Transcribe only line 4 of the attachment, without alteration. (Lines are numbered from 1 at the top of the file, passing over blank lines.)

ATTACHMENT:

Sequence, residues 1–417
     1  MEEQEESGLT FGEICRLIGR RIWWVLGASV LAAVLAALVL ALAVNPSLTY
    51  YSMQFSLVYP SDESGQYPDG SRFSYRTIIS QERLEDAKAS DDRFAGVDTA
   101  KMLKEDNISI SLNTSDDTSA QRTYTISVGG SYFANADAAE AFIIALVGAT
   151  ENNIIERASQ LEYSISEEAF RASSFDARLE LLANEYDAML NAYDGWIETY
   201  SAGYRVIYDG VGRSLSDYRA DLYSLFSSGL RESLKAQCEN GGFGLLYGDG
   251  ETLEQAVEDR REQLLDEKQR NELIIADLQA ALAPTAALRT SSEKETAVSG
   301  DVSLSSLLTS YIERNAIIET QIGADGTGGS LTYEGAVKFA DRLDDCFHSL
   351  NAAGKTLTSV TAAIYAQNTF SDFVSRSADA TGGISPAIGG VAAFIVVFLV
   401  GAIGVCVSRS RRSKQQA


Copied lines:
   101  KMLKEDNISI SLNTSDDTSA QRTYTISVGG SYFANADAAE AFIIALVGAT